Many men are facing a dilemma in the coming days. Thanks to the Royals, a great, great, yawning maw of consecutive weekly Bank Holidays looms large. With enforced downtime, this means a stark choice: either face the family, or retreat to the Garden Shed. To help you make this choice, here are some suggestions.
My desk at Vulture Central is like many an attic – colleagues dubbed it the "vintage computer museum". I suspect many of you have got stuff that includes gear we're keen to get rid of, but can't get round to eBaying or even moving. And it never seems to diminish. Old stuff is replaced by even older stuff.
Here, I've tried to set a challenge. What's the best computing kit you can get for under £100 – preferably with some unique feature that modern computers can't replicate? In other words, it's not old for the sake of being old, or nostalgia. It has to have a bit of real utility.
To make it even harder, I've excluded hire-purchase deals. You can get a thoroughly modern computer in half an hour, if you pick it up from a mobile network or Carphone Warehouse. But, obviously, that's cheating.The cost isn't really £50 or £100, that's merely the first instalment. And there must be a word for that sinking feeling people have when they look at an Atom netbook purchased on a two-year contract that still has months to go, and is as alluring as a four-day-old kebab.
So here are five suggestions, and then a roundup of what didn't make the cut – and some of the absences are quite surprising.
Apple iPhone (2007)
The world and his dog now has a Jesus phone – or something comparably impressive. Nobody wants to know about the original 2G model, coming up to four years old. This means that they're very, very cheap, just sneaking in under the £100 threshold.
For that you essentially get a fast, open, NeXT handheld computer... once you've opened it up, that is, and why wouldn't you want to do that? Jailbreaking an iPhone 2G opens the device in three important ways. Firstly, it allows you to add features that Apple itself would only implement on subsequent OS releases, such as multitasking and a clipboard. Secondly, it allows you to add some unique features, such as a more flexible or sophisticated home screen, that Apple has yet to implement. And thirdly, it gives access to the powerful built-in Unix tools that underpin iOS, which you normally can't access.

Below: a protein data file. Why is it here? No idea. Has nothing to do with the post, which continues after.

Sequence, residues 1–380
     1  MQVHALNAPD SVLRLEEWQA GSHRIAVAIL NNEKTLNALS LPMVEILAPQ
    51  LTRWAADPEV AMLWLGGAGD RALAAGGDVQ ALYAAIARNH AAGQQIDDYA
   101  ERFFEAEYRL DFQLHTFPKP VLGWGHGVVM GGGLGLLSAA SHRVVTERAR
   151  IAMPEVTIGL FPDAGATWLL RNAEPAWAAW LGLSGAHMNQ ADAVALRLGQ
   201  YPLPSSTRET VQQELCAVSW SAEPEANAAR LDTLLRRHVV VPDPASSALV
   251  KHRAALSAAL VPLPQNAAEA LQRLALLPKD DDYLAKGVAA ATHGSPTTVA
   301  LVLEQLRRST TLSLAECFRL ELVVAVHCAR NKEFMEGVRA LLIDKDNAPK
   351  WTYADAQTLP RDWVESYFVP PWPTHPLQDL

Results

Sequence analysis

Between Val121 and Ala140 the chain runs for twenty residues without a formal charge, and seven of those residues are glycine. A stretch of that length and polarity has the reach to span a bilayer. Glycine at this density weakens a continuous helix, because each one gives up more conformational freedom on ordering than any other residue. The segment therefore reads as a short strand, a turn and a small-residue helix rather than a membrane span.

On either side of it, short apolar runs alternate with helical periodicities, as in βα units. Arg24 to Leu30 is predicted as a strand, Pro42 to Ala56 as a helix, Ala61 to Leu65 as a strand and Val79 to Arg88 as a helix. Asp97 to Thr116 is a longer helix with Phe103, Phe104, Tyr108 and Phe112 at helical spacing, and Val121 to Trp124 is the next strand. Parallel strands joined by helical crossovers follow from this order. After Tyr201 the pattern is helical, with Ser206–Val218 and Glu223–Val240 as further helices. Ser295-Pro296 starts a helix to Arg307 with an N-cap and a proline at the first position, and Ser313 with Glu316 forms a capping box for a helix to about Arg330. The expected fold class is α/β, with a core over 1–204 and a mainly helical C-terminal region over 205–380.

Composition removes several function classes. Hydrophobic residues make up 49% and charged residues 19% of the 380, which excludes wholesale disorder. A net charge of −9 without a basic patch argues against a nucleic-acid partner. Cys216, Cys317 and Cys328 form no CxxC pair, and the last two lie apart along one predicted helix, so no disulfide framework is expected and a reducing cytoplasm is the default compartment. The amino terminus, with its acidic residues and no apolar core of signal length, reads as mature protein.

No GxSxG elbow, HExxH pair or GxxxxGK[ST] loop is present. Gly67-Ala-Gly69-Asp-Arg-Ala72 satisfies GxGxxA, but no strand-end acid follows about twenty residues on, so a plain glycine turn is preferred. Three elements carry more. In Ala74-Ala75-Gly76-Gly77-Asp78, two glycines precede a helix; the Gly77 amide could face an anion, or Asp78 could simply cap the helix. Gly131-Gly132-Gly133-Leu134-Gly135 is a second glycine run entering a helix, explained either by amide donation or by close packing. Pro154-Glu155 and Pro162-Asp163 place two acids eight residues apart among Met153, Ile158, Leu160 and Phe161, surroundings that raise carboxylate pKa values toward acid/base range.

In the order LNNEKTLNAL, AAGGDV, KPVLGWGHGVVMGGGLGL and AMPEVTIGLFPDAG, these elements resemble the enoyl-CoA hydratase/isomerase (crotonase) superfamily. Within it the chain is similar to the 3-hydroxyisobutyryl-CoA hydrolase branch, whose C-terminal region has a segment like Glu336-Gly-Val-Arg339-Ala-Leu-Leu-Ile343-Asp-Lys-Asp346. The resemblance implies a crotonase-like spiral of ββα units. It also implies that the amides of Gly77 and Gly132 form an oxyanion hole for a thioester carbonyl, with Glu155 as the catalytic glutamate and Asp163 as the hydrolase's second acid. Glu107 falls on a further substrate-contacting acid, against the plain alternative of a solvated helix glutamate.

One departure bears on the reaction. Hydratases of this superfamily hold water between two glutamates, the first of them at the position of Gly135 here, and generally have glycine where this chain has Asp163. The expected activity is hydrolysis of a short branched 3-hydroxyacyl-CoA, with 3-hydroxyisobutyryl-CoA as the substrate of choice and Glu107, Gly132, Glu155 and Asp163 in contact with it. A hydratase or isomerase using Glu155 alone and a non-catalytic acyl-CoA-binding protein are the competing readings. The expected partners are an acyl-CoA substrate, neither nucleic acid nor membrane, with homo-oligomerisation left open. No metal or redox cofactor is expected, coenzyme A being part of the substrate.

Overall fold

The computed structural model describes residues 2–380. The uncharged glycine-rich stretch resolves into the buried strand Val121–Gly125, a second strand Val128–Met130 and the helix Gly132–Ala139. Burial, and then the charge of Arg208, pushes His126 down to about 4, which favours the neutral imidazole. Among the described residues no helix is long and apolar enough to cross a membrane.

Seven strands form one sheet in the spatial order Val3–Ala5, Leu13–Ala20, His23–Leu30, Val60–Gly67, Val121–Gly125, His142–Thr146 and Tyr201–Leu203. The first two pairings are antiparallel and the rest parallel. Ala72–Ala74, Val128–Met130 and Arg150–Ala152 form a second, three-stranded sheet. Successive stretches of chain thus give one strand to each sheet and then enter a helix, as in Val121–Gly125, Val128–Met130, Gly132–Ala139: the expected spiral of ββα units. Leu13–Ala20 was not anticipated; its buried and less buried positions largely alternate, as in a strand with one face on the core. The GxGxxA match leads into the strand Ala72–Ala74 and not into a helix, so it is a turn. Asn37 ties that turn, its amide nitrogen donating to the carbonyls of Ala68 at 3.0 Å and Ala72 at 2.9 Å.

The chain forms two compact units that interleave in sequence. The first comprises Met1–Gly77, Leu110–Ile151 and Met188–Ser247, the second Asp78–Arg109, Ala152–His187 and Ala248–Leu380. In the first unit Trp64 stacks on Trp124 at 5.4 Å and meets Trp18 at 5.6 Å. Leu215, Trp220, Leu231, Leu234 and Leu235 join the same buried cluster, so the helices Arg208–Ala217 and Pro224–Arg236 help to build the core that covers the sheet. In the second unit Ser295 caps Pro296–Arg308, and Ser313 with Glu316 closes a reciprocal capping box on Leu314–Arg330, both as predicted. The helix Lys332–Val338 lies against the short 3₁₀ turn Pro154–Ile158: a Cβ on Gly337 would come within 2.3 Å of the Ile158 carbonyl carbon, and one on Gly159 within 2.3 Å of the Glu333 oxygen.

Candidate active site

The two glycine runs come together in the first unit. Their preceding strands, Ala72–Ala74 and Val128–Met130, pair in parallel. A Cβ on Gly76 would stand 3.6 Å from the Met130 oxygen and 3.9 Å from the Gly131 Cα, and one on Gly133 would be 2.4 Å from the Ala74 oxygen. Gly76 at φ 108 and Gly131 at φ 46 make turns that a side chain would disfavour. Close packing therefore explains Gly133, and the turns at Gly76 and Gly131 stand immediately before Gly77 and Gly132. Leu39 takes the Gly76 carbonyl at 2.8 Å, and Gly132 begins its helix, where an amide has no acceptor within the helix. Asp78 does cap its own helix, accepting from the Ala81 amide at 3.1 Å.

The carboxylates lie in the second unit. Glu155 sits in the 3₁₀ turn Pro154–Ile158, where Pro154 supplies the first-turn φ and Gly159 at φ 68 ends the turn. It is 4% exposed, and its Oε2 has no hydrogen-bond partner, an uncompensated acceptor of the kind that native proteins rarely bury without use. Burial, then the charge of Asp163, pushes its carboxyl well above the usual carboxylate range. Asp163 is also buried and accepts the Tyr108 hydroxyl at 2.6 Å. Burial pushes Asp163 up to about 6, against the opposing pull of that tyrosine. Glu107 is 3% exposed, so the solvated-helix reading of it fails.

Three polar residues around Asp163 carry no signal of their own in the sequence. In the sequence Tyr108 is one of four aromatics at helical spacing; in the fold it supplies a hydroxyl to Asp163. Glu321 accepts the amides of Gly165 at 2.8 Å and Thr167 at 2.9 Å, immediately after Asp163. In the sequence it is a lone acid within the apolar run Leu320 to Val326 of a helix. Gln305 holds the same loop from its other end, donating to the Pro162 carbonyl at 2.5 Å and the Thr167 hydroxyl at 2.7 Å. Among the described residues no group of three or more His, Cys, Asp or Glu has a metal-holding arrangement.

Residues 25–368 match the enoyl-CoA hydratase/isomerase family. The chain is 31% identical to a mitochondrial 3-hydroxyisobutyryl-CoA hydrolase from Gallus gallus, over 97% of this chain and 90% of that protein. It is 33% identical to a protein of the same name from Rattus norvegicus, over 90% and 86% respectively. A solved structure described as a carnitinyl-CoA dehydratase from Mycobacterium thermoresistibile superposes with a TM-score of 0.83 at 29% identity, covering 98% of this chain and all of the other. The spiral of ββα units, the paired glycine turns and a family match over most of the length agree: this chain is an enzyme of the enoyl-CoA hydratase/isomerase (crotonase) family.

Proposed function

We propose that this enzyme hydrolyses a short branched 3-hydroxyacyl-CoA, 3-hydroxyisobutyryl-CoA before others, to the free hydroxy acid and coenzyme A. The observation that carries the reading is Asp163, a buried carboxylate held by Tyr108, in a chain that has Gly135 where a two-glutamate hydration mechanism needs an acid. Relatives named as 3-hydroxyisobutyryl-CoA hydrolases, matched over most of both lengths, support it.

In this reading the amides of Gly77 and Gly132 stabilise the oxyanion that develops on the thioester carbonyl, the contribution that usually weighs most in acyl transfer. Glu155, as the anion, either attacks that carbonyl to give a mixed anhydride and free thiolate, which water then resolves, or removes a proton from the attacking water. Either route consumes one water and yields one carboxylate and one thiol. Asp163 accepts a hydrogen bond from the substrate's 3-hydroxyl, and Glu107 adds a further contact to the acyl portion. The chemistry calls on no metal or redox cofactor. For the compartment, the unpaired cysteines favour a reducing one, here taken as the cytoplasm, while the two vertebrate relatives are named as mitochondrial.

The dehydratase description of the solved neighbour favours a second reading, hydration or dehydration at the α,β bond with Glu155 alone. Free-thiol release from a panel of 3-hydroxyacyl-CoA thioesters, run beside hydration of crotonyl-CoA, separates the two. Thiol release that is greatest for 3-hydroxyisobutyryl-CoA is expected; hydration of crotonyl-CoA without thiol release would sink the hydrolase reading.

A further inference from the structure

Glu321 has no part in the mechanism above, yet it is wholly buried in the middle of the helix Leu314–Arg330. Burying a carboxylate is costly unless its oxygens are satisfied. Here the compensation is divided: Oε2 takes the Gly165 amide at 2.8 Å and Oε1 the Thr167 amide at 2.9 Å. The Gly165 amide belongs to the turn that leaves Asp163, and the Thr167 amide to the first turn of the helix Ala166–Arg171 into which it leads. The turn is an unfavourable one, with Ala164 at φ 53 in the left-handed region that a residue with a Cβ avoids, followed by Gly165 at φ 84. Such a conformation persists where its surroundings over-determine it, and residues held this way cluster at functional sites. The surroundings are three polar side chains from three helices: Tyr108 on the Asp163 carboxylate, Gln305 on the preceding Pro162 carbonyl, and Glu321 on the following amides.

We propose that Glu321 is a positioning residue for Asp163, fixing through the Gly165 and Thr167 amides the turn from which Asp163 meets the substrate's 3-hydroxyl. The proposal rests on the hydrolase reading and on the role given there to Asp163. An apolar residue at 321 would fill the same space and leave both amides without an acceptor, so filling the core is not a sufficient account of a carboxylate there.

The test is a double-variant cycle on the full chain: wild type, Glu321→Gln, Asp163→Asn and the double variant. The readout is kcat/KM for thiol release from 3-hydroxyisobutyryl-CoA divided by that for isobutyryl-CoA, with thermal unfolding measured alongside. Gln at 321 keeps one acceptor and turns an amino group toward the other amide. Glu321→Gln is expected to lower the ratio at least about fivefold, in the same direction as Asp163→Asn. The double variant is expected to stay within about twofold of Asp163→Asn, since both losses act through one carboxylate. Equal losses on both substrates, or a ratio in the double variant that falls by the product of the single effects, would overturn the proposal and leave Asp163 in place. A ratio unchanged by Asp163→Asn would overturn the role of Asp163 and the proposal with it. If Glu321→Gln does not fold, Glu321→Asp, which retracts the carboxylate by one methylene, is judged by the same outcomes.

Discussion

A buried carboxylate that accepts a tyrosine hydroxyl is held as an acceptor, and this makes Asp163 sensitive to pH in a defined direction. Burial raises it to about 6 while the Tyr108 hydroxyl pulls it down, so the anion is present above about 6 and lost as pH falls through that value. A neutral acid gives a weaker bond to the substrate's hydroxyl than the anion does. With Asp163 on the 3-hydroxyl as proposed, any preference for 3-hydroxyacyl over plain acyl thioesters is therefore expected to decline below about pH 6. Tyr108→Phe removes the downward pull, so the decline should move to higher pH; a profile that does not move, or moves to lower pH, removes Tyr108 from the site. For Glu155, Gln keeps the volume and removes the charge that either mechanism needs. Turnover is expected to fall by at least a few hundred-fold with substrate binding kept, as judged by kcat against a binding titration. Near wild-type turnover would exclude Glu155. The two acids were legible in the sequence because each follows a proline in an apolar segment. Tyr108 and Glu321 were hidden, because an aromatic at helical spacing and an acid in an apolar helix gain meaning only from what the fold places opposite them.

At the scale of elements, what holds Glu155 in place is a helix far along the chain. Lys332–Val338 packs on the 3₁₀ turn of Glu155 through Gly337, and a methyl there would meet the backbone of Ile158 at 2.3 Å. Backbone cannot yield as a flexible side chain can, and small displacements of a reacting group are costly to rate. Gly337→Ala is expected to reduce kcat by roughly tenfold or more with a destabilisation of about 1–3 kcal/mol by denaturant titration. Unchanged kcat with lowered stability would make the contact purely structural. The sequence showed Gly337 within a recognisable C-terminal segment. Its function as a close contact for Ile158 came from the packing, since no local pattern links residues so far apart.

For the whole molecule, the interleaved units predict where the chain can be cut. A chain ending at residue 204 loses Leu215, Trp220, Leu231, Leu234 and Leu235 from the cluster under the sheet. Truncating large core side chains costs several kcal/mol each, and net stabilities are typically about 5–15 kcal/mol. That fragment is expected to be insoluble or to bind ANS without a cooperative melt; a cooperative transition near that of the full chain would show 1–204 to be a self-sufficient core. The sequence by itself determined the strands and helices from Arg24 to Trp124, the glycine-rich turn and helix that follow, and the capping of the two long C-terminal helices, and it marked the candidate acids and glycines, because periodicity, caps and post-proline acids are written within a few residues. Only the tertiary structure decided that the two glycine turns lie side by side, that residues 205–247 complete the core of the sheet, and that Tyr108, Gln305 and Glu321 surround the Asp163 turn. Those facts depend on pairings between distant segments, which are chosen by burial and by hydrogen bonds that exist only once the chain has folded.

The non-approved apps channel even has its own app store. Some are incredibly creative. Marvel at the iClassic app, for example, which brings the iPod's click wheel to the iPhone.
Naturally, given the age of the kit, there are plenty of things you won't be able to do. 3G network support only came in with the 2008 3G. And plenty of things will seem slow: the 3GS and 4 models improved performance enormously, and the additional memory in these phones also improved stability.
But everything that made the iPhone insanely great in the first place – seamless music synchronisation, general ease of use, a great browser – is still there. And the original iPhone was the best made and best-looking iPhone until the iPhone 4.
Released: June 2006
Why you should get one: It's an iPhone, it's hackable, it's (still) really quite good
Forget about: Recent AppStore apps
Expect to pay: a shade under £100 on eBay, less for one in poor nick
Next: a tweakable home server